OK, so maybe it’s not a trend. But I couldn’t help but sit up and take notice when the New York Times’ running newsletter showed up in my email inbox this week with the intriguing title “Naked Came the Runners”.
I’ve always believed that one of the many positive benefits of running is the minimal investment required. (Financial investment, that is, not physical investment.) Compared to nearly every other sport, all you need is a pair of running shoes. Well, you also need to get up off the sofa, put on your running shoes, open the door, and then put one foot in front of the other, but that’s it. No need for expensive gear. Who needs a sporting goods store?
The truth is, of course, that once you get hooked, there are endless opportunities to drop scads of cash at any number of welcoming sporting goods stores to make your runs that much more comfortable – and stylish. There’s gear for cold weather, to help you stay warm, but not too warm. There’s gear for hot weather, to help you keep from overheating. There’s always something new that you can be convinced you can’t do without. There are sports watches to tell you how far you’ve gone, how fast you’ve gone, and where are you; they can map your every move and keep track of your heart rate. There are specially designed belts to hold your phone and ID, to clip your music onto, and hold your power gels. There are specially designed holders for your ever-so-important supply of water, the runner’s elixir. And that’s all before you you realize that several pairs of running shoes would be better than one. Not to mention planning for the races you’ll undoubtedly enter. Once you start down that path, you’ll need to add an extra room onto your house in order to store all your race t-shirts and finisher’s medals.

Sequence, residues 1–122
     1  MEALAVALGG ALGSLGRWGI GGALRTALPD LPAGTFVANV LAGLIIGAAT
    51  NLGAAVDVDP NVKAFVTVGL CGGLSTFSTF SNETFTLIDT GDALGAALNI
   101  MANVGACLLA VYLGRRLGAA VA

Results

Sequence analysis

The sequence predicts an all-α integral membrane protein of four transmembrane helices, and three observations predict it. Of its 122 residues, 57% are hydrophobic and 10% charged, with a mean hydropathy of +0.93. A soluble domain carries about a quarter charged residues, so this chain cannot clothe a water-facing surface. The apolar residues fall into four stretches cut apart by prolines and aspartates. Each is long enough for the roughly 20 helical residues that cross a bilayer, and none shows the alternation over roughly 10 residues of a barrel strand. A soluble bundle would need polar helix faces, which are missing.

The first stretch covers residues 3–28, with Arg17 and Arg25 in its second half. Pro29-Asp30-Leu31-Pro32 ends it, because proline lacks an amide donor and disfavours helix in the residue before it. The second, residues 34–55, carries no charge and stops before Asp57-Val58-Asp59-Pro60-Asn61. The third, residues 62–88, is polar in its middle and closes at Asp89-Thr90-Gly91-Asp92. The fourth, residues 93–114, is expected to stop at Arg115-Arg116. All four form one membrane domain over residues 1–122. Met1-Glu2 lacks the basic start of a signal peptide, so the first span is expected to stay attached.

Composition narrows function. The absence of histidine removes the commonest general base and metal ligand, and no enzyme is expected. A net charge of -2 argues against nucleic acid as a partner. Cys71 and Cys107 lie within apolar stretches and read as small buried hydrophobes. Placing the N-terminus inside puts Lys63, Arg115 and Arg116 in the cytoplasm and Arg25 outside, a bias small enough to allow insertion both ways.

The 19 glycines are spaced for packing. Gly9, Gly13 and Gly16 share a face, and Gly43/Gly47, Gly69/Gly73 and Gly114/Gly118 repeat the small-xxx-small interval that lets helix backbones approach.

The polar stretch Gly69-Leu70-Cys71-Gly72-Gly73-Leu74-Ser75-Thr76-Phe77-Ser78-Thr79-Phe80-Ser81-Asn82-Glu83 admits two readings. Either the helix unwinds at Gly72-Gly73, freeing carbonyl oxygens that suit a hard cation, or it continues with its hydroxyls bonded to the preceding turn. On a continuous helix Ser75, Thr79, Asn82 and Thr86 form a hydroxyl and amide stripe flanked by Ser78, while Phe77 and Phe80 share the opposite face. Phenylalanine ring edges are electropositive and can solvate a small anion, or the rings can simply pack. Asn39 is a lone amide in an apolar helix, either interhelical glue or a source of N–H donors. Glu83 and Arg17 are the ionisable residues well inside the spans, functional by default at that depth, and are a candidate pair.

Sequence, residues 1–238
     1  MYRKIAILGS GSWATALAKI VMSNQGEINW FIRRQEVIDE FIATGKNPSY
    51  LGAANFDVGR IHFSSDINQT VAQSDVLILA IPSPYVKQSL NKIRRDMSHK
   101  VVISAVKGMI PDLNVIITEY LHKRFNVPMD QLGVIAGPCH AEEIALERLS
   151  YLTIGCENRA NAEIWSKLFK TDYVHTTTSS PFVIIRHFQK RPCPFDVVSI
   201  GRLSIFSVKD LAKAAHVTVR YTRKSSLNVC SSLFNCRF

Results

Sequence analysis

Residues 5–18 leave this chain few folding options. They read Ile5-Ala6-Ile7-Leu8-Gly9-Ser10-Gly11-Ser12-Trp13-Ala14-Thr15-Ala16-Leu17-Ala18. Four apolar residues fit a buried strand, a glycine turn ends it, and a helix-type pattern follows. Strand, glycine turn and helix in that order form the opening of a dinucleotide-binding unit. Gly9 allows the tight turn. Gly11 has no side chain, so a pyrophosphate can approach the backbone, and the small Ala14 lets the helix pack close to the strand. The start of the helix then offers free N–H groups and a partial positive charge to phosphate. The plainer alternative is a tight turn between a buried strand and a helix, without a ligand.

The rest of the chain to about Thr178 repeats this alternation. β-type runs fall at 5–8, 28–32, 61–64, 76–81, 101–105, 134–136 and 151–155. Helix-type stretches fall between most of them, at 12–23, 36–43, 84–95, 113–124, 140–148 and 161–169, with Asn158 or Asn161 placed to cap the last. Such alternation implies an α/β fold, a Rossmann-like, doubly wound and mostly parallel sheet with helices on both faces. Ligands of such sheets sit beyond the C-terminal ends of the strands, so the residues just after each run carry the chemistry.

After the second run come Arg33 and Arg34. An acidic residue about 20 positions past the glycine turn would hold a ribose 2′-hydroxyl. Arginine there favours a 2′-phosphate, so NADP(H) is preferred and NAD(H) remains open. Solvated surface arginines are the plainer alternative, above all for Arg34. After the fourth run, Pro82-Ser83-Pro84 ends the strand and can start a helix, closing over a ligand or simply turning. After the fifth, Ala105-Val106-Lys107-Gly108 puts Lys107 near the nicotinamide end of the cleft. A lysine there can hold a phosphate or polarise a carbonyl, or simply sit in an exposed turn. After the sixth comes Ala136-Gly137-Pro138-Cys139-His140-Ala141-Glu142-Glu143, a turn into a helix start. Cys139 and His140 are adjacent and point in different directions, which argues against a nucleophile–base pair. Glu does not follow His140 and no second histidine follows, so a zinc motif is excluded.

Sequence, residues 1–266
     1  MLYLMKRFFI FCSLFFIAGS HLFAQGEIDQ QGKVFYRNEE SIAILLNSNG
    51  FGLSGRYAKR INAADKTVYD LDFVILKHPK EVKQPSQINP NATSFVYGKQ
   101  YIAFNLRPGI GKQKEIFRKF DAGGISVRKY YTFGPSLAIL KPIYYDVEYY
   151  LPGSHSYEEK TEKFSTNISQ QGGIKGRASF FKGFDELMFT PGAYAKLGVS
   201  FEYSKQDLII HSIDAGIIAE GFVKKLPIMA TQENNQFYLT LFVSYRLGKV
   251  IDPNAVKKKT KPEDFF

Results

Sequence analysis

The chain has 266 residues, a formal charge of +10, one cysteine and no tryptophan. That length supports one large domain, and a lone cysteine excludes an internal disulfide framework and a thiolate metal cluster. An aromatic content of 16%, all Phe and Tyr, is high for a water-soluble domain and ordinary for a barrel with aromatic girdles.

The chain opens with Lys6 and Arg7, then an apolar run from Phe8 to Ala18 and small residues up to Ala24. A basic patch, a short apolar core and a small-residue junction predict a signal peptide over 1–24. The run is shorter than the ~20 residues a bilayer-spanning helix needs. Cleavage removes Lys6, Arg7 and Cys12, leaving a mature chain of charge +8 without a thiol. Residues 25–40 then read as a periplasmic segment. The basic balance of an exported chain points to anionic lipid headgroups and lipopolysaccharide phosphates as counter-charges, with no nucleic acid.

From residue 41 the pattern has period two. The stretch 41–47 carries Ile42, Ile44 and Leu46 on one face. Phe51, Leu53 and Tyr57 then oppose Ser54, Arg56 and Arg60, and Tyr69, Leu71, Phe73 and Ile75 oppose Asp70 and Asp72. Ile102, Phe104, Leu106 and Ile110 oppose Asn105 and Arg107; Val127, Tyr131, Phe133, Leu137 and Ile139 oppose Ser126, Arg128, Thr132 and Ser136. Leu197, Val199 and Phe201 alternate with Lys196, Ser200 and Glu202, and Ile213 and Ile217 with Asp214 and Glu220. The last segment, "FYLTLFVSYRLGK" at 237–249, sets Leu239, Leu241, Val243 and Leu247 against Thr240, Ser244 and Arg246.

Fortunately, it now turns out that there’s a way to avoid most of this consumerism – clothes optional running! The NY Times August newsletter author, Jen Miller, opened my eyes to the benefits of naked running as I read about her experience at the recent Bouncing Buns Clothes Optional 5K, held at the Sunny Rest (nudist) Resort in Pennsylvania. This may be one of the few running newsletters that even non-runners would find entertaining!
Answers to some questions that may come to mind:
- Yes, sports bras were allowed as a clothing exception for anyone who would otherwise experience considerable pain from the bouncing.
- Yes, running shoes were allowed, as were hats.
- No, men wore no “supports”. Apparently, a natural protection mechanism kicks in. You learn something new every day! 🙂
- Yes, they maintained social distancing and, yes, they had to wear masks when they checked in and when they were near other people. No clothes, but masks, please!
- Yes, everyone felt a sense of freedom and would do it again. A good time was had by all.
- No, it is not legal to run naked except in places where it’s allowed, like a nudist camp for example.
So, what do you think? Time to try something new?! Add a naked run to your bucket list?!!